What drug-dealing 'darknet' sites have in common with eBay
Hands type on a computer keyboard in Los Angeles, on Feb. 27, 2013. (AP Photo/Damian Dovarganes)
Anick Jesdanun, The Associated Press
Published Friday, July 21, 2017 12:16PM EDT
NEW YORK -- AlphaBay, the now-shuttered online marketplace that authorities say traded in illegal drugs, firearms and counterfeit goods, wasn't all that different from any other e-commerce site, court documents show.
Not only did it work hard to match buyers and sellers and to stamp out fraud, it offered dispute-resolution services when things went awry and kept a public-relations manager to promote the site to new users.
Of course, AlphaBay was no eBay. It went to great lengths to hide the identities of its vendors and customers, and it promoted money-laundering services to mask the flow of bitcoin and other digital currencies from prying eyes.
Such "darknet" sites operate in an anonymity-friendly internet netherworld that's inaccessible to ordinary browsers. If you've ever found yourself wondering just how they really work, a U.S. criminal case unveiled Thursday offers an eye-opening look.
WHAT IS ALPHABAY?
U.S. Attorney General Jeff Sessions calls it the largest darknet marketplace shut down in a sting. Darknet refers to the use of various technologies to mask the site's operators and users, allowing buyers and sellers to connect anonymously -- to each other and to law enforcement.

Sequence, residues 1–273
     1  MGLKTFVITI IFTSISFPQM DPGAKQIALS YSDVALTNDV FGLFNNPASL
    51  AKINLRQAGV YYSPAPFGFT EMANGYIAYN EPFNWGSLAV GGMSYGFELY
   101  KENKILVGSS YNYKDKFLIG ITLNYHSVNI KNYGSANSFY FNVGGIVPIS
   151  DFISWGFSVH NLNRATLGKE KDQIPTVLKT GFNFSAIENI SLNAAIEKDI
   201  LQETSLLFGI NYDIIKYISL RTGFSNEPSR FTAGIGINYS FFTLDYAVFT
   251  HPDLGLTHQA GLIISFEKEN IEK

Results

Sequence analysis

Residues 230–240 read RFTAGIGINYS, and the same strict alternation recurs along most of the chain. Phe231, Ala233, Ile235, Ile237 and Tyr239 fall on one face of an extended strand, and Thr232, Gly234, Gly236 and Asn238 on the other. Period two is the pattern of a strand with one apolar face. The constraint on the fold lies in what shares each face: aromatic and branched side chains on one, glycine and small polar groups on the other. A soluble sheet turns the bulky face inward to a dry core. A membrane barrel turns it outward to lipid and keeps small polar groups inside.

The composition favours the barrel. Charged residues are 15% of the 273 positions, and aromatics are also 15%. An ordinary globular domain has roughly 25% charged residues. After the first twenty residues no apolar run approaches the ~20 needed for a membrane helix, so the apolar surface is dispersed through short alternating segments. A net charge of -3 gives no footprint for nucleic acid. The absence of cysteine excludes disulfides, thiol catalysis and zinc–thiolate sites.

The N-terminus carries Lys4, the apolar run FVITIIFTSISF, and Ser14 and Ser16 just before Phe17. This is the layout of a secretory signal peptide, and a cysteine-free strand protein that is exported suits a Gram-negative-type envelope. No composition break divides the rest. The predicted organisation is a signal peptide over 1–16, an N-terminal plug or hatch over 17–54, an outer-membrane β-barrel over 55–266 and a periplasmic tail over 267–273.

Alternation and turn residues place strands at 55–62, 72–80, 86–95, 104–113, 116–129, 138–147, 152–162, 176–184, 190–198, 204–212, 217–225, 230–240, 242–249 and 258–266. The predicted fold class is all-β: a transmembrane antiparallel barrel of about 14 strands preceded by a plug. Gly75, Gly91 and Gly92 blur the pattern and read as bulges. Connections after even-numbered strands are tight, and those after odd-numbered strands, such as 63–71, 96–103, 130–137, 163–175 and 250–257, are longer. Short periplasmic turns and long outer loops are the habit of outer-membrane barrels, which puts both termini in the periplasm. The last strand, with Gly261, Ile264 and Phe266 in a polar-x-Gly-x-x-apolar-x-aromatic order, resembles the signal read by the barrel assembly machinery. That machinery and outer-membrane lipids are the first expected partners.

Authorities say the site trafficked drugs such as heroin and cocaine, fake and stolen IDs, computer hacking tools, firearms and counterfeit goods. The site also facilitated services such as money laundering and swatting -- the practice of making bomb threats and other false reports to law enforcement, usually to harass perceived enemies.
AlphaBay went so far as to hire scam watchers to monitor and quash scams on the site. It had a public-relations manager responsible for outreach to users and the broader illicit-trade community. The site also employed moderators to resolve disputes and refund payments when necessary.
AlphaBay hid its tracks with Tor, a network of thousands of computers run by volunteers. With Tor, traffic gets relayed through several computers. At each stop, identifying information is stripped, so that no single computer knows the full chain. It would be like one person passing on a message to the next, and so on. The 10th person would have no clue who the first eight people are.
Tor has a number of legitimate uses. Human rights advocates, for instance, can use it to communicate inside authoritarian countries. But Tor is also popular for trading goods that eBay and other legitimate marketplaces won't touch.
To further promote secrecy, AlphaBay accepted only digital currencies such as bitcoin and monero. In doing so, participants skirted reporting requirement that come when moving $10,000 or more in a single transaction. While bitcoin can be traced when converted back to regular currencies, AlphaBay offered "mixing and tumbling services" to shuffle bitcoin through several accounts before the conversion.
Vendors were also required to use encryption for all communications to keep them safe from spies.
Buyers funded their accounts with digital currencies, similar to loading an Amazon gift card with money. When making a purchase, buyers moved money from their accounts to an escrow. The payment was released to sellers once buyers confirmed receipt of the goods.
AlphaBay took a 2 per cent to 4 per cent commission, and that added up. The suspect behind the site, Alexandre Cazes, had amassed a fortune of $23 million. As part of the case, authorities sought the forfeiture of properties in Thailand, bank accounts and four vehicles, including a Lamborghini and a Porsche.